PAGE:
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Posted by Guest Contributor

by Guest Contributor Roberto Lovato, originally published at Latino Rebels

MISSION DISTRICT, SAN FRANCISCO—A new age is upon us, the Age of Soy.

No, I’m not talking about some new genetically-modified organism that will (further) fundamentally alter the corn in our tacos, the gas in our cars or the farmland of the Midwest.

The development of which I speak has to do with how Mountain View, California-based Google’s launch of .SOY, a web domain targeting the country’s Latinos, was supposed to herald a new day on the Latino web, with some “Hispanic marketing experts” waxing triumphant about our (finally) getting some respect from a company that has a less-than-triumphant record of hiring Latinos or black people.

And then the Latino and vegan web responded: Hey Google, “soy,” (Spanish for “I am”) sounds more like a domain name for one of the tony vegan Mexican restaurants that Google and other Silicon Valley workers eat $15 tacos at than it does a hub for online Latinos.

Far from being the Latino web sensation Google and its “experts” expected, .SOY provides fodder for the amateur comedian in us all, with Latinos and vegans joining forces, taking the “.SOY” domain and applying it to different adjectives like quépendejo.soy (how stupid I am), #soyhispandering or calling .SOY “The must-have domain for the lactose-intolerant.”

And you would think a search company such as Google would have known more about a meme and all its variations making the online rounds for a few years now:


Apparently not.

Beyond raising the indelicate question (When will Google launch the .IAMWHITE domain?), Google’s latest move raises a more important question: How can a company based in parts of the United States where the overwhelming majority of the country’s 50 million Latinos live, be so border-walled off from the physical, geographic and cultural reality just outside its gates, so self-absorbed in the virtual world where it is king? Another equally pointed question has to do with us, specifically with where and how Latinos relate to the Digital Darwinism that is (again) shuffling and redefining the social and economic positions of Latinos and us all.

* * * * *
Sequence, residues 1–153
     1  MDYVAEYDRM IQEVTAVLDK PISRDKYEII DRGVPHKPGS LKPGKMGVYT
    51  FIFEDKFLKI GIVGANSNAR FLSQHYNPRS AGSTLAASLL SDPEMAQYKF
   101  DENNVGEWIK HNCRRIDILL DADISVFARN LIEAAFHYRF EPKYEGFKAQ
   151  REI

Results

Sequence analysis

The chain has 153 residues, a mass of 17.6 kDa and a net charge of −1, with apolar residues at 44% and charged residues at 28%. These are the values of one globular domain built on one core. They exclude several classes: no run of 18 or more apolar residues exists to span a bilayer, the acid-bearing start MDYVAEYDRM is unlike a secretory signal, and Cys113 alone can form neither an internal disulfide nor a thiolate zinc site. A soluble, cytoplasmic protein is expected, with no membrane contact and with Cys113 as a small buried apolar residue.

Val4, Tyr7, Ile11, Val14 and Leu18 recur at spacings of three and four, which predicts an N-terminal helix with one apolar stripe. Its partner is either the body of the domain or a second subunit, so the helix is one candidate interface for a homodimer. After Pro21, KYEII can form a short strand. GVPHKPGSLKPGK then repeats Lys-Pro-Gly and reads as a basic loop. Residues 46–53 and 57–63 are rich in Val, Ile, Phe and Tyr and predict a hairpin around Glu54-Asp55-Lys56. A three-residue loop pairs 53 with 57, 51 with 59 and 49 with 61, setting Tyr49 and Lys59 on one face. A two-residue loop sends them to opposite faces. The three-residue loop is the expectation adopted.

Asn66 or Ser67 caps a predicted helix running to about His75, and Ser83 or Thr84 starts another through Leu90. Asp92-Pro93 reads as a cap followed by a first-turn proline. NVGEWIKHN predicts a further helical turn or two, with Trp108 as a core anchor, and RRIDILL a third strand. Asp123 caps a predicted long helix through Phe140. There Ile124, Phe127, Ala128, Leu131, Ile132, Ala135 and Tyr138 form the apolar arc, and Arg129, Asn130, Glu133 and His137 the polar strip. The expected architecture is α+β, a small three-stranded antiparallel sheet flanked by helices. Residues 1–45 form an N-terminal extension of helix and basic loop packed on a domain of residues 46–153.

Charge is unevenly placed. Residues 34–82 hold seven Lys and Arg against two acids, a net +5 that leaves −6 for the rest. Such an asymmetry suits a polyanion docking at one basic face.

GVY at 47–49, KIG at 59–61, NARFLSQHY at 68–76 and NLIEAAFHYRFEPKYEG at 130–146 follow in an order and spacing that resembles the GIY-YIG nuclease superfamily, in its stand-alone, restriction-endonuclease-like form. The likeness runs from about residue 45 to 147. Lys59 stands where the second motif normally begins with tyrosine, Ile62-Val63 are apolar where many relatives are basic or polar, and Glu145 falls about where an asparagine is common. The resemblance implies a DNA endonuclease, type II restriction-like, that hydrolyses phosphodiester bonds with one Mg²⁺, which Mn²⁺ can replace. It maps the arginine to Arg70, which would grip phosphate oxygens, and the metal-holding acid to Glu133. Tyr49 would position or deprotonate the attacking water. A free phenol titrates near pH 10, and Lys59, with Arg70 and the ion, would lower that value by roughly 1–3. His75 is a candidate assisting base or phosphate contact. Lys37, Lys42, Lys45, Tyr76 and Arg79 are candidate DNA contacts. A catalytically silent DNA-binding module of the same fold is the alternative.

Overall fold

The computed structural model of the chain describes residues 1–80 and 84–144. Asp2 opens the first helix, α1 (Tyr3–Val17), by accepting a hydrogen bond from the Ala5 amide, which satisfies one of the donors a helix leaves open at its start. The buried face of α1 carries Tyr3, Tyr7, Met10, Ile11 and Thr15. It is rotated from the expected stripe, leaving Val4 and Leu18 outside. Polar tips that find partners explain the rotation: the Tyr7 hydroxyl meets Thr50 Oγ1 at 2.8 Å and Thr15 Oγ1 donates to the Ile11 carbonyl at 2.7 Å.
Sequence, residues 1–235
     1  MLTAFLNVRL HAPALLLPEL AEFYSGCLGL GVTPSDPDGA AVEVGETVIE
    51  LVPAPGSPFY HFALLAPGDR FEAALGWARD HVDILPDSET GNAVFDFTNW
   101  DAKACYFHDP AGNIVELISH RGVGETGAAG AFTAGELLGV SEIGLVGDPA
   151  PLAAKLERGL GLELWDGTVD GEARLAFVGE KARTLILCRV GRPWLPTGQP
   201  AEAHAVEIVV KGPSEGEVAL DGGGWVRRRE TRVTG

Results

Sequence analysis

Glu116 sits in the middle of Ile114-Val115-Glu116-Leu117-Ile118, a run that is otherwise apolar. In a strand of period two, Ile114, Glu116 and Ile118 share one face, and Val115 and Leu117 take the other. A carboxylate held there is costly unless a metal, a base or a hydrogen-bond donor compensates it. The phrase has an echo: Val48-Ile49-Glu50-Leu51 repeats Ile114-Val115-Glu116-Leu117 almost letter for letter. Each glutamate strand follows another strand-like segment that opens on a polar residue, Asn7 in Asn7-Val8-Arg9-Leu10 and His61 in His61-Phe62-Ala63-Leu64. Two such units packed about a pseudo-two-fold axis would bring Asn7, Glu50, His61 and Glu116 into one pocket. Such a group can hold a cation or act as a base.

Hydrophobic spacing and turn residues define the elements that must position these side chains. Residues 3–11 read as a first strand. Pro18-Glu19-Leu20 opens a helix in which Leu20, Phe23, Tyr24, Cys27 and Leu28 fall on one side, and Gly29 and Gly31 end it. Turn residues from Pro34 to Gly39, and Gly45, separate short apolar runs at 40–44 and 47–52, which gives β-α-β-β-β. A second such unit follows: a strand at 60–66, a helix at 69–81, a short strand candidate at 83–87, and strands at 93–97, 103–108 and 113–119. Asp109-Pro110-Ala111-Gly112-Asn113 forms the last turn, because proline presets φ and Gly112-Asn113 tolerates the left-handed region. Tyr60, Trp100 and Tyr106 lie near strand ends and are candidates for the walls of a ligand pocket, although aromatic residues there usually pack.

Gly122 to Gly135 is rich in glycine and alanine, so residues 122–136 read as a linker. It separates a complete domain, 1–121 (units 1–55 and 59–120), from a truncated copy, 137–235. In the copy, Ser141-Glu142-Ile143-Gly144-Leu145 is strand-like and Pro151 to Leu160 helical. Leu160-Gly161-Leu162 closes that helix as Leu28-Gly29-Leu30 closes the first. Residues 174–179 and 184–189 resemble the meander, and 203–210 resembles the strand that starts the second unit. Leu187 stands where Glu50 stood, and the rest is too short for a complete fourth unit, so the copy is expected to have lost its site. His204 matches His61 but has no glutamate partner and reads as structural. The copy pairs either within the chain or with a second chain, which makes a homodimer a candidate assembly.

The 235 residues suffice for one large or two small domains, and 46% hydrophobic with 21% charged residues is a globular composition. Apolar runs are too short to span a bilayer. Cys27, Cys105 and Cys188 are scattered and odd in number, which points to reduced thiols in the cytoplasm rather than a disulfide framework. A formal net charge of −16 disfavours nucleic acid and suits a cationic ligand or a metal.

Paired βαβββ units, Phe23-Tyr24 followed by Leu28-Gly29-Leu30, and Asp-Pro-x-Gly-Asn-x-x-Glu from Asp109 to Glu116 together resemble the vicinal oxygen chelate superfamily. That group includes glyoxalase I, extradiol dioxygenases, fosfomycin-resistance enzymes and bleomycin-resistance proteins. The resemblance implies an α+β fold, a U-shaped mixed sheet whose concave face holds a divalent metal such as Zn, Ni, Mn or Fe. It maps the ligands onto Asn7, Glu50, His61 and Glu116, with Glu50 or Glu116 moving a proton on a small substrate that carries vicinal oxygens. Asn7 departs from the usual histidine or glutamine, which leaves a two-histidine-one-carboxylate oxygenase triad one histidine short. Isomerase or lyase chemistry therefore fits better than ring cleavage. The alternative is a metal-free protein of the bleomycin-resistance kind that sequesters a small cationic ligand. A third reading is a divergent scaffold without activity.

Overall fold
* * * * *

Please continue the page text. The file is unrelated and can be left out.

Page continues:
In searching for an answer, there’s no better place to find it than here in the Bay Area birthplace of the digital economy. Whether in the area around Twitter headquarters, in the biotech labs surrounding the soon-to-be World Champion (again!) Giants’ stadium or in the former farmlands where I saw Latino farm workers harvesting fruits and vegetables pushed out by mostly non-Latino workers and companies harvesting the new crop (enormous wealth and astonishing class divisions), the genetically-modifying ethic and the spirit in Google’s .SOY capitalism is clear: We will define you for you—if you let us.

Protests by anti-gentrifying forces against private (as in gated off from everybody else) Google buses on 24th and Valencia in the Mission district say as much about Google and renters, Google and working people and Google and Latinos as they do about the we-won’t-let-you dignity of communities struggling not to be erased or forgotten in the Great Digital Transition that Google, The Most Valuable Company on Earth, leads behind the “don’t be evil” slogan. Four blocks from 24th, I saw those same race and class dynamics in the successful fight of soccer-playing Latino youth against Dropbox employees to win back a soccer field just behind my grandmother’s former home on 20th street. Unlike my abuela, who rented at reasonable rates to immigrants, landlords on 24th and on 20th and throughout the formerly working class neighborhoods of the Bay Area joined Google and other tech companies in the long march of digital progress that has brought us the $3000-a-month bedroom rental in the Mission.

As an alumni, I was especially saddened to see how this same Darwinian instinct created a UC Berkeley (UCB) where Latino and black enrollments have diminished to the point where the university no longer ranks among the top 50 Latino-friendly universities in the country. Especially gross and dangerous are comparisons of low working-class Latino enrollments and high middle-class Asia-Pacific Islander enrollments at UCB that are explained in the most subtle, survival-of-the-fittest undertones over cappuccinos in cafes that once housed Black and Brown Panther meetings and “Third World Solidarity” organizing meetings (digitally driven rents make revolution exponentially more difficult).

Google’s faux pas has its political equivalent in the patently false notion that immigration or other Latino issues were ever part of some nonexistent “progressive” community in rapidly non-working class San Francisco and other cities. Such perceptions, exploited by Democrats, are equivalent to Mission District Día De Los Muertos celebrations largely devoid of Latinos as well as to upscale Mexican restaurants where Mexicans work, but can’t eat at because they don’t earn enough in working at the upscale Mexican restaurant.


It is within such an actually existing cultural context that .SOY is born and may (or may not) thrive. The good news is that many of us are waking up. Here in the Mission, we saw this self-determination in the win against Dropbox. On the national playing field, we see it in the devastation wrought on the Democrat-Republican Washington consensus on immigration—legalizing four out of 11 million people in exchange for even more border militarization, more laws punishing tens of millions of immigrants under cover of “comprehensive immigration reform” proposals. We know that self-respect leads us to take the action of non-participation in anti-democratic processes not of our own making or without our consent or consultation.